Young people responded in what seems unprecedented numbers to Jeremy Corbyn’s campaign but will a hung parliament curb their enthusiasm? Gemma Baird outlines three options for keeping young people engaged with special responsibility for academics.
“The Scottish system is not debt-free in the absence of fees: indeed Scottish students are borrowing a substantial amount as a group each year. The Scottish approach relies heavily on loans to cover the state’s role in providing low-income students, in particular, with living cost support. Grants are now so low that those from the lowest incomes are taking on the most of that living cost debt.”
“there is no realistic chance that the Scottish Government is going to reduce its reliance on student loans to underwrite the higher education system. £500m is roughly the annual cost of the whole FE system, or 1p on the basic rate of income tax” Scotland’s leading expert on another model – and more – of funding HE.
Professor Emer Smyth,from the Economic and Social Research Institute, Dublin, on the widespread, but little studied, issue of the underperformance of boys at all stages of education from pre-school to first degree. What are the causes and what can be done?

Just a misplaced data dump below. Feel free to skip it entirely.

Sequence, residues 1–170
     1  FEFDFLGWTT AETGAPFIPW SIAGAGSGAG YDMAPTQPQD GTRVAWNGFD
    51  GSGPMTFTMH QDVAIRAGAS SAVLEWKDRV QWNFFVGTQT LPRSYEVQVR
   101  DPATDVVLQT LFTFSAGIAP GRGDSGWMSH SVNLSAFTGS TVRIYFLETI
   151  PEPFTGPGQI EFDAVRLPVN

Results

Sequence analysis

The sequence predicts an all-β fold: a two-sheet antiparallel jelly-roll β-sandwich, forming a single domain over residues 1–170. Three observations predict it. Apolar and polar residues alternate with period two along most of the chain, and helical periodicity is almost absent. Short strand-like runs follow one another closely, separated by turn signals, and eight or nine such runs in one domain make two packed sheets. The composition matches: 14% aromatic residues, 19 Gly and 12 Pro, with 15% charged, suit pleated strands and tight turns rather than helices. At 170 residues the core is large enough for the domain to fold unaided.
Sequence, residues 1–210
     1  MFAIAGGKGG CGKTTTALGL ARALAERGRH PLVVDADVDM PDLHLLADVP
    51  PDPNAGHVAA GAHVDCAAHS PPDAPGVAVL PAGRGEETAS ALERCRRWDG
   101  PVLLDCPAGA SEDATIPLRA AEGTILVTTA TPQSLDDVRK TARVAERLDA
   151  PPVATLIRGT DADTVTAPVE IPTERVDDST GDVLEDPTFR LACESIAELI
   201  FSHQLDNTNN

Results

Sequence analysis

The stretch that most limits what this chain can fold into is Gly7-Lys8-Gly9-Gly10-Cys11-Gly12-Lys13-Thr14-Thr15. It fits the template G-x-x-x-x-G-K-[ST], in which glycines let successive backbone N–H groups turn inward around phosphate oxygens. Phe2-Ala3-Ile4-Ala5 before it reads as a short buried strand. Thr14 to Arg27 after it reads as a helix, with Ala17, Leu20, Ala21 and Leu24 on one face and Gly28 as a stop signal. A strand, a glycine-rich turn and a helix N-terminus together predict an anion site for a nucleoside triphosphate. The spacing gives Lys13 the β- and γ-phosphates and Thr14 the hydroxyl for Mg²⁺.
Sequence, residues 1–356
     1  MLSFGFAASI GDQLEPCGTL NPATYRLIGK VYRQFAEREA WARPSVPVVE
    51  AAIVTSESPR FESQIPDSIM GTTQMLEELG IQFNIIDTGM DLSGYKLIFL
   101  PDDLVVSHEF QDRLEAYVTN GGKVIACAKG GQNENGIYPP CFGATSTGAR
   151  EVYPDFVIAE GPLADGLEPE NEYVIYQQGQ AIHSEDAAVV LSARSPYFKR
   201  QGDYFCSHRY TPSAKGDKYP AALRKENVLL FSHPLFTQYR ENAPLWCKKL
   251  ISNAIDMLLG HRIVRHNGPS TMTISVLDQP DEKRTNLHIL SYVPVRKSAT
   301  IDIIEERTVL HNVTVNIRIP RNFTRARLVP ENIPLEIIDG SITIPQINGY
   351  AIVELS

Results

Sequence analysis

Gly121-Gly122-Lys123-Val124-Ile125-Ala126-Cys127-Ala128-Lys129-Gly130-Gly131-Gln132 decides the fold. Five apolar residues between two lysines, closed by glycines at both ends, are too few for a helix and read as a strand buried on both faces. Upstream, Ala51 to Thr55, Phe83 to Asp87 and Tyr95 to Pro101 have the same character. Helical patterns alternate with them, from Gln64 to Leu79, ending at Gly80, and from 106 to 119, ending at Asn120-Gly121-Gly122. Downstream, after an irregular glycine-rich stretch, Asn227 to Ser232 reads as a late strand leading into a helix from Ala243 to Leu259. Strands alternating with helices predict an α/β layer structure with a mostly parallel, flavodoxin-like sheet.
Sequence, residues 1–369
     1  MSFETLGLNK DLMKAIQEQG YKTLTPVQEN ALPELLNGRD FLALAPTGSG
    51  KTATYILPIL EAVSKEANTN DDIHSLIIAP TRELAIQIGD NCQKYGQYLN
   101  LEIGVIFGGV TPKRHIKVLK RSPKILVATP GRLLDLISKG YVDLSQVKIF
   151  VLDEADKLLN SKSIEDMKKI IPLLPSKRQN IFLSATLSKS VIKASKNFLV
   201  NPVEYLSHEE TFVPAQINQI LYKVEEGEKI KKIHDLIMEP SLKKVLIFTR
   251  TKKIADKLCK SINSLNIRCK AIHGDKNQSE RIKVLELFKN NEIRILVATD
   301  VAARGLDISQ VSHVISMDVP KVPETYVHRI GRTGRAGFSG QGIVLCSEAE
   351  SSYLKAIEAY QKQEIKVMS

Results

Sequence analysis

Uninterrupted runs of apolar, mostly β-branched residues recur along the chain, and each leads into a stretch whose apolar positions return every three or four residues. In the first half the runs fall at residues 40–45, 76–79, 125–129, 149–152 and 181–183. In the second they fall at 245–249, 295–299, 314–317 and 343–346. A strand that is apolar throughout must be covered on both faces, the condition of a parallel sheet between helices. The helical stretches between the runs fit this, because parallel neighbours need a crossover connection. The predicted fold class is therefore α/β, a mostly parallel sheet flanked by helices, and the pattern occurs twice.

“With so many reasons to avoid sex, whether it be long days working and longer nights with the baby, and so many alternatives at my finger-tips, it can be tempting to neglect this area of life under false pretences and disappear down a digital rabbit-hole.” Loki learns to cope (and with himself) in the third part of his diary.
“I grew up in an environment where parental figures were under a lot of pressure and stress. In fact, many difficulties of childhood came as a direct result of our collective inability to express and manage emotions.” In the first extract from an occasional diary, Loki reflects on becoming a new parent – and on his own boyhood.